The entourage behind Andre Villas-Boas - less than 36 hours after his dismissal from Tottenham Hotspur - let it be known that he has been "inundated" with enquiries, including West Brom (who he turned down out of hand) and "a club in the knockout stage of the Champions League". That, of course, was supposedly AC Milan, as anyone with even a passing familiarity with the process of elimination could confirm.
The suitability of caretaker manager Tim Sherwood, as Villas-Boas' permanent successor, is earnestly debated with a straight face, not based upon whether he may be a good enough manager, but rather whether he's a "big enough name" to appease the White Hart Lane supporters. It's the usual class hang-ups. The braying, dim-witted masses who are only impressed by shiny headliners, surely they'll storm the palace if they don't get some kind of celebrity coach! (Never mind the fact that even a child knows that after the first few games, all managers are judged by results.)
A website called Zapsportz.com suggests Glenn Hoddle is among the favourites to return home to his old club. This is accompanied by a big photo of Andy Gray: "Spurs and Hoddle? It's a no-brainer!" And, of course, the "Zapzone" section, which is "home to Glenn Hoddle's Zapstarz collection!" Then you find out that Zapsportz is actually part-owned by Hoddle himself.
That was followed by Harry Redknapp at his priceless best. Asked to weigh in on Sherwood (who happens to be his son's close friend and former business partner), he waxed philosophical, saying "[Tottenham] seem to sack a lot of managers don't they? They've appointed a lot of managers in the last few years, I think the only success they had was with an Englishman ... "
Redknapp added: "Tim [Sherwood] is a good man and has great knowledge of the game, so I hope he gets a chance and isn't overlooked for a Dutch, Italian or French manager simply because he's not a foreigner."
For now, arguably, Sherwood is a better option than jumping into some supposed quick fix. You could also see them keeping him in the job until the summer, if that means eventually getting the man they really want - provided he doesn't have too many more nights like last Wednesday's League Cup exit to West Ham. In the interim, they'll have to deal with plenty more naked attempts to manipulate public opinion.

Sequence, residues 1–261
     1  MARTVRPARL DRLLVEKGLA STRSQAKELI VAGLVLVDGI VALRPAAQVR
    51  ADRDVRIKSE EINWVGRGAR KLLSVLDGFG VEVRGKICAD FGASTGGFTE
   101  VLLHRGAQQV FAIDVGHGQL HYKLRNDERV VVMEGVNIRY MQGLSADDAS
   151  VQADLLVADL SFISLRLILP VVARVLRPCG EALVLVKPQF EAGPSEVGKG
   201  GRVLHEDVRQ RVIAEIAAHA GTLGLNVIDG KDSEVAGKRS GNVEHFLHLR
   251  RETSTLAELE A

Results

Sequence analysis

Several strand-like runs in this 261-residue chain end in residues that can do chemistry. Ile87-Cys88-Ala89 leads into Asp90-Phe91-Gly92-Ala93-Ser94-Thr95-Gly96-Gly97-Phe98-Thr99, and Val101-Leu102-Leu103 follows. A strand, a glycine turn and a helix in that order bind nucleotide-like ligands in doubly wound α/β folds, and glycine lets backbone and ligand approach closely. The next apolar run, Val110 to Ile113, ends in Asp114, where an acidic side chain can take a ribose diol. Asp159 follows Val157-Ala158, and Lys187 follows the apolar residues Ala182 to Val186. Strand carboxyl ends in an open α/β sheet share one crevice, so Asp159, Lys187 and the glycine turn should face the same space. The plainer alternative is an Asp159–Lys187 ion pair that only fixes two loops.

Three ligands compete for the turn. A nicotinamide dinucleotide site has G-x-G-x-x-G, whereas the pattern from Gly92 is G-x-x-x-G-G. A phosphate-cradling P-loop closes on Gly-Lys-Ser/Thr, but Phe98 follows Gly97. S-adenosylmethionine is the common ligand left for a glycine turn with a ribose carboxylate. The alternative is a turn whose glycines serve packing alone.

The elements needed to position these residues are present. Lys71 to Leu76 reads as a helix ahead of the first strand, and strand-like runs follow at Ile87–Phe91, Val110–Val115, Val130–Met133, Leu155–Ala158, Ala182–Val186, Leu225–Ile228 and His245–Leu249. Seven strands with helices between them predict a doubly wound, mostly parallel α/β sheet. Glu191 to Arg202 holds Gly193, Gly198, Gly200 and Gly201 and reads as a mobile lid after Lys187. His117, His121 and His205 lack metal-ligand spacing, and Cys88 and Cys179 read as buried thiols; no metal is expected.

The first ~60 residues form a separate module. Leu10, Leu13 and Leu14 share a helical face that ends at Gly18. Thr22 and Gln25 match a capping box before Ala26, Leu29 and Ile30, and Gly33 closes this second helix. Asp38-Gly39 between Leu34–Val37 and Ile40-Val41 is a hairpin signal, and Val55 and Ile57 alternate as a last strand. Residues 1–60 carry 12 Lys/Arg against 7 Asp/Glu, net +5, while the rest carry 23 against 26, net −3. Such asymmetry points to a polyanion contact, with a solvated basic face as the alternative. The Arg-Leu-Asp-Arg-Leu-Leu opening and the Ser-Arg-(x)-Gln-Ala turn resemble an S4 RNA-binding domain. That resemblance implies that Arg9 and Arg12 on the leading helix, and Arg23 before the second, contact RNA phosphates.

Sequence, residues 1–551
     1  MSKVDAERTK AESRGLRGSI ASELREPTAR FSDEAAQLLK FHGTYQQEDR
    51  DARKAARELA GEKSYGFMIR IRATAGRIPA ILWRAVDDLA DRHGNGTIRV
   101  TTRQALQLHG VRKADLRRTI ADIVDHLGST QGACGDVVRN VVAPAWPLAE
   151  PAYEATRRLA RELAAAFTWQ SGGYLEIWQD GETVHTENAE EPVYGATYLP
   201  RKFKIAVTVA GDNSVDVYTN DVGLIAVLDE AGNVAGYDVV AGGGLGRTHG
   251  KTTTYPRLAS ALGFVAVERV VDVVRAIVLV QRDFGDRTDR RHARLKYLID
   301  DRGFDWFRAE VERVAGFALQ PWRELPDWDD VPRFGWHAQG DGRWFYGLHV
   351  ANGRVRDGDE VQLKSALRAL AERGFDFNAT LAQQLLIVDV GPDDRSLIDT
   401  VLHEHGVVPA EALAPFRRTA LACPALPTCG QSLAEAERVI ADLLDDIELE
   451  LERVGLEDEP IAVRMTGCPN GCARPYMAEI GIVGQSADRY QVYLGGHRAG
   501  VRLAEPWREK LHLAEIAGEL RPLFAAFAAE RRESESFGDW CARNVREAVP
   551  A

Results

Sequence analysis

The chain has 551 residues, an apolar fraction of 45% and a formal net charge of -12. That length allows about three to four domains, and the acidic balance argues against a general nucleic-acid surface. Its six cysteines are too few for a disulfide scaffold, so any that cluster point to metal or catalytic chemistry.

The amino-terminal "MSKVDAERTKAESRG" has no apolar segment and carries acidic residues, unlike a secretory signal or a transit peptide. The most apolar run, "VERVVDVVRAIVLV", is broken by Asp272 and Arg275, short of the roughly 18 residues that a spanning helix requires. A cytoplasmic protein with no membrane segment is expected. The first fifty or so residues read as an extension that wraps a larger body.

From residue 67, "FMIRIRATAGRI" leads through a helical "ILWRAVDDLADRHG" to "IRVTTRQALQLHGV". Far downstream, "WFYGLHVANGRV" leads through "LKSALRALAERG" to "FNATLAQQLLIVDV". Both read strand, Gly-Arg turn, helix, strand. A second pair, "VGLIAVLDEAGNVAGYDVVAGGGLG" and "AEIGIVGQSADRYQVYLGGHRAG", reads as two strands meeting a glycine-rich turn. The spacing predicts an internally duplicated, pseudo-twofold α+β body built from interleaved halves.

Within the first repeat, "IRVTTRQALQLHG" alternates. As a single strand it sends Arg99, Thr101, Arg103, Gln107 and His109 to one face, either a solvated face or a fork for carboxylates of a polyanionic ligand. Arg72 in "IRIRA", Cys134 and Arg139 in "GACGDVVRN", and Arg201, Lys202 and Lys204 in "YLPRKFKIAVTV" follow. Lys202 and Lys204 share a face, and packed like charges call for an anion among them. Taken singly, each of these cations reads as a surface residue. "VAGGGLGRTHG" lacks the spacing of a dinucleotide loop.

Liverpool announced last Friday that Luis Suarez had extended his contract until 2018, earning himself a tidy pay rise to £170,000 a week until June and then up to £200,000 for the rest of the deal. "What's most important and most exciting is that, at just 26 years old, his best years are still ahead of him and we now know we'll be seeing him reach that potential in a Liverpool shirt," said manager Brendan Rodgers.
He knows full well this isn't quite the case. Because, truth be told, it's reasonable to believe there's a bunch of stuff in that contract to which we're not privy. Starting with Suarez's freedom of contract.
After wrangling all summer over release clauses and the like, you'd imagine his agent, Pere Guardiola (who, of course, happens to be the brother of a well-known manager) made sure he left himself an emergency exit door. If Suarez was twitchy at the fact that he hasn't played Champions League football since 2010, that urge won't get any better if they don't qualify for next season's competition.
Equally, you'd expect Liverpool to have protected themselves as well, both with some safeguard against a transfer to another Premier League club and, if there is a release clause, with a number large enough to keep them satisfied. As for the wages, £200,000 a week puts him in the £10 million-a-year-range. A big number, to be sure, but slightly more than a third what Cristiano Ronaldo earns. Less than Gareth Bale and less than what he could have earned had he forced a move in the summer.
Suarez seems genuine when he talks of his attachment to Liverpool as a club and his gratitude for them standing by him during his bans. Rodgers seems to glow when discussing his professionalism and performances. Still, just because you're in love doesn't mean it's a bad idea to get a pre-nuptial agreement. Which is what they've done.
VINCENT Tan right now is somewhere between international figure of fun and the embodiment of all that is evil about wealthy, interfering overseas owners. And, yes, his behaviour has ranged from the loopy to the foolish to the mean-spirited.
But there are a few facts worth remembering. Cardiff City's's net spend last season in the Championship was higher than anybody else's by about 35%. This year, their net spend was greater than all but Manchester City, Chelsea and - by less than £500,000 - Arsenal.
When you don't know much about football and spend such enormous amounts of money, you may have questions about why you are where you are in the table. And you may ask whether the manager really did spend your cash wisely, getting the best possible deal.
And when you have a private email communication with your manager and it ends up all over the papers and you know you're not the one who leaked it, well, you might be just a little bit annoyed.
Malky Mackay is a good man. He may be a good manager, too. For now, based on results, he's a manager who has achieved what you would have expected given the expenditure. But this idea of Malky the Martyr, tormented by this mean foreign owner who looks like a Bond villain, is misguided.
Without Tan's spending, Mackay would likely be just another young manager in the Championship. Should he get the sack, he'll have all the sympathy in the world and be in the driving seat for the next job that opens up. So, yeah, sympathise with Mackay. But maybe, just for balance, spare a thought for the guy who gave him £50m to spend to make it all happen and now is depicted like some kind of unreasonable, insane freak show.